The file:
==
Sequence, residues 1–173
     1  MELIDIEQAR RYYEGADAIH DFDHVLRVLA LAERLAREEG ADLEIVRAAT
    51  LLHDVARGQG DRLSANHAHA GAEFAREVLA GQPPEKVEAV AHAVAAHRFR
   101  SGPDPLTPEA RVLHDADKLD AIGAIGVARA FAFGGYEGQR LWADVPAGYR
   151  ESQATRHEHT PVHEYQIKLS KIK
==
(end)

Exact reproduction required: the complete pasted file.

Sequence, residues 1–173
     1  MELIDIEQAR RYYEGADAIH DFDHVLRVLA LAERLAREEG ADLEIVRAAT
    51  LLHDVARGQG DRLSANHAHA GAEFAREVLA GQPPEKVEAV AHAVAAHRFR
   101  SGPDPLTPEA RVLHDADKLD AIGAIGVARA FAFGGYEGQR LWADVPAGYR
   151  ESQATRHEHT PVHEYQIKLS KIK